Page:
Three investigators gave an update on June 24, 2016, of their research on forced organ harvesting in China. L-R: human rights lawyer David Matas, former Canadian Secretary of State for Asia-Pacific David Kilgour, and investigative journalist Ethan Gutmann. (Minghui)

However, like the Tiananmen Square massacre and other persecutions of the past, many Chinese people do not know about the role the CCP played in the crackdown of Falun Gong and the state-sponsored organ harvesting.

Brainwashing and propaganda

The Chinese Communist Party has been continuously persecuting the Chinese people for decades, but why are the citizens unaware of its crimes?

“The biggest reason is that through propaganda, brainwashing, and thought control, they’ve made people unaware of what happened in the past,” Fang Zheng, a former student protester whose legs were crushed by a tank on June 4, 1989, said to Chris Chappell, the host of YouTube Channel of China Uncensored.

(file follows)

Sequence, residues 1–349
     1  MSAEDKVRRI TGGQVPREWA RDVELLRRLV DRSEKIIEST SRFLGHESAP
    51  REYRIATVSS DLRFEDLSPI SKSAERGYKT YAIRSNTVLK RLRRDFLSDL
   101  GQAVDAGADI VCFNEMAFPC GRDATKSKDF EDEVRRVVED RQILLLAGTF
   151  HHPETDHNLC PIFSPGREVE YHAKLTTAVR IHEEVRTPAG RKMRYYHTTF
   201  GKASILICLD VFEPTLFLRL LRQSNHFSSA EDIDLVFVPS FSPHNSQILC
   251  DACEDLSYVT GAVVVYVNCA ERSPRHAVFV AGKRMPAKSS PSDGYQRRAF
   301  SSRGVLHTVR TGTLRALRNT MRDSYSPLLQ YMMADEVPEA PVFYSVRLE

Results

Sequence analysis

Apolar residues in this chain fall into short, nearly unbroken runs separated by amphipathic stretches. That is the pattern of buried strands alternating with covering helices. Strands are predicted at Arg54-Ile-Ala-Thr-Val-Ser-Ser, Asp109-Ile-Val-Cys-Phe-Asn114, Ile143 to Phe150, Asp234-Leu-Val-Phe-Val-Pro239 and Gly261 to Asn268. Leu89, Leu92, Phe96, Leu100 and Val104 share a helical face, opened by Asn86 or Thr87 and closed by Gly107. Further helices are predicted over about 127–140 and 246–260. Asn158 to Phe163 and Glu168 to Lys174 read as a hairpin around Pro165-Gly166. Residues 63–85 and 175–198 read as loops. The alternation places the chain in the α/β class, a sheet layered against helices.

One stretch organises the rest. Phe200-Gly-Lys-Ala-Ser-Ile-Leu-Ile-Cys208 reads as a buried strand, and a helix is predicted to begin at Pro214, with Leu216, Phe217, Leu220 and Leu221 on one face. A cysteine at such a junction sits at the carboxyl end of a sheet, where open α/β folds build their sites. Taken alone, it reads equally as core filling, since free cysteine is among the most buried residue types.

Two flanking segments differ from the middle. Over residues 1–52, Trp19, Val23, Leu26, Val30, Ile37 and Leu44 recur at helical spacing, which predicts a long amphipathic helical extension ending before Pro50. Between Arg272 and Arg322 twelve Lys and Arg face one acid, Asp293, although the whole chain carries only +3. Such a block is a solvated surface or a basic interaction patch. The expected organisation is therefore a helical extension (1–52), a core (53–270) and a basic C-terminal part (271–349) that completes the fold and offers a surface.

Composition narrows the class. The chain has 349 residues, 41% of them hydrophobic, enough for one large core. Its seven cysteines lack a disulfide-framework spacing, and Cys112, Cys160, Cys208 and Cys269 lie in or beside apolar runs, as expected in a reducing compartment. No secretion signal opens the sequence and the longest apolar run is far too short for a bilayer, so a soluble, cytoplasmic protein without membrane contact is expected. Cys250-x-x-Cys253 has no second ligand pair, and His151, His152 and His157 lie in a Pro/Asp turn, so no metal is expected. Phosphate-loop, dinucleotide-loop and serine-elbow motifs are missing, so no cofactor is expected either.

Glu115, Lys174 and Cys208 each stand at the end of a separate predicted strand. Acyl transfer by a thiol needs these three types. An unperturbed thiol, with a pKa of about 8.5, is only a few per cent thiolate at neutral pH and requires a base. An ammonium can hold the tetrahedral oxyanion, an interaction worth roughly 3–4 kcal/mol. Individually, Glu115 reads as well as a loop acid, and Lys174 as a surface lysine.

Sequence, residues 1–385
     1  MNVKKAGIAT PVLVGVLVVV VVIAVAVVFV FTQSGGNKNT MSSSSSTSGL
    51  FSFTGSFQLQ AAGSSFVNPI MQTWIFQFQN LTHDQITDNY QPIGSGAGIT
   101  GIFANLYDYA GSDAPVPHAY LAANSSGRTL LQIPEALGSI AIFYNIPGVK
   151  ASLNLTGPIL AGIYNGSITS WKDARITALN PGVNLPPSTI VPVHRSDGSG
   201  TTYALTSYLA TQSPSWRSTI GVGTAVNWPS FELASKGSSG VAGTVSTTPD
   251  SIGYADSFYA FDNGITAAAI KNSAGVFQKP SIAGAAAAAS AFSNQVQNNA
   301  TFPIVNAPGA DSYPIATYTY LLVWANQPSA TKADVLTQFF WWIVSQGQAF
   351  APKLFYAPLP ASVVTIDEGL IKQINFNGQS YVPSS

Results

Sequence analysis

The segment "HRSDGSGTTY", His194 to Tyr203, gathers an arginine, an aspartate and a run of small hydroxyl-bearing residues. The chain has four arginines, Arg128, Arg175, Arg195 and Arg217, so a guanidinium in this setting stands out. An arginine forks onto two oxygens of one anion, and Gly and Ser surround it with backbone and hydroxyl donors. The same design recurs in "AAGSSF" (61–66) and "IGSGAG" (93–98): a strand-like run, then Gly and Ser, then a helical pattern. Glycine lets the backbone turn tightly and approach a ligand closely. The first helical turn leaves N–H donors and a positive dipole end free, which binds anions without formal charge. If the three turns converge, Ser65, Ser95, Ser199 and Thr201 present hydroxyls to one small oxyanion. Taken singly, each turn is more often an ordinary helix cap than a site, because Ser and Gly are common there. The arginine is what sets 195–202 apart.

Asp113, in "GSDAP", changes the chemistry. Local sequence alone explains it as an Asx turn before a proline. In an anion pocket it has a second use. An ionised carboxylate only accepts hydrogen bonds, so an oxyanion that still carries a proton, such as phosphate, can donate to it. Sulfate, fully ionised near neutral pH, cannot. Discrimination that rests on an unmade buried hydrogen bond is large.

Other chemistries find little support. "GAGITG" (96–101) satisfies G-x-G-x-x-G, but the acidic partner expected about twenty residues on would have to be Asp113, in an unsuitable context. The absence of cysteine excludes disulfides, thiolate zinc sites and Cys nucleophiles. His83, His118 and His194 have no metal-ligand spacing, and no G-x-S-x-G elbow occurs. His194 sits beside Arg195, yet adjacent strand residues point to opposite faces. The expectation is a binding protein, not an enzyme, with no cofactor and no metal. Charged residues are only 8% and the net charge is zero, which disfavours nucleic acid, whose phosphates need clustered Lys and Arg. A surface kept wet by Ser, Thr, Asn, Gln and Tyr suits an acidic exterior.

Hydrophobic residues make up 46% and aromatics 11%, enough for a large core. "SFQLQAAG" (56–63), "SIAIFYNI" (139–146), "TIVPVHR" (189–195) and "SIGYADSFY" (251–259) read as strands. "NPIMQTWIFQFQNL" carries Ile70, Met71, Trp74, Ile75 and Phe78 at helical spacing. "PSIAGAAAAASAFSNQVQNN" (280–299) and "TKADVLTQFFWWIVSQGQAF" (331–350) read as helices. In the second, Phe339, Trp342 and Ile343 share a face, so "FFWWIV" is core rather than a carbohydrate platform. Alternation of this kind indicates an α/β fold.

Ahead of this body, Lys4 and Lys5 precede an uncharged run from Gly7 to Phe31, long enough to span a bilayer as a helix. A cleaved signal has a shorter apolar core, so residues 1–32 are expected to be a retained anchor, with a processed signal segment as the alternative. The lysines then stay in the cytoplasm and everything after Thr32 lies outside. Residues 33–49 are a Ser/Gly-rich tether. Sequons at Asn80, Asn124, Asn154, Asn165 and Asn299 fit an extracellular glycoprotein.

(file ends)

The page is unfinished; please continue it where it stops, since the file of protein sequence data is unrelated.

“They’ve separated each part of the past, over and over again. So young people will have no idea about the crimes the Party has committed in the past, so they will still believe and have illusions about the Party. In this way, the Party will be able to continue their rule and their methods are working.”

L-R: U.S. Congressman Chris Smith, Fang Zheng, and Chai Ling in Oslo, in December 2010. (VOA via Wikimedia Commons)

Zheng, who fled to the United States in 2009, urged the publishing of information on the crimes as a way to help Chinese people to learn the truth. “If we expose their errors and their crimes and let people know about the past continuously, so that the memory is not broken off, it will be harder for them to rule, harder for them to continue their crimes,” Zheng said.

Reaching the information about the true situation is a challenge to Chinese netizens as the regime set up the Great Firewall to censor information on the internet.

The Tiananmen Square massacre and information about Falun Gong are among the most censored topics in China. Wikipedia articles of the massacre cannot be read in China, neither can the website for Falun Gong, according to Al-Jazeera.

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Freedom House, a U.S.-based NGO for promoting democracy, called out China as “the worst abuser of internet freedom,” for the fourth consecutive year in 2018, according to the organization’s Net Freedom report.

Relinking human rights and trade talks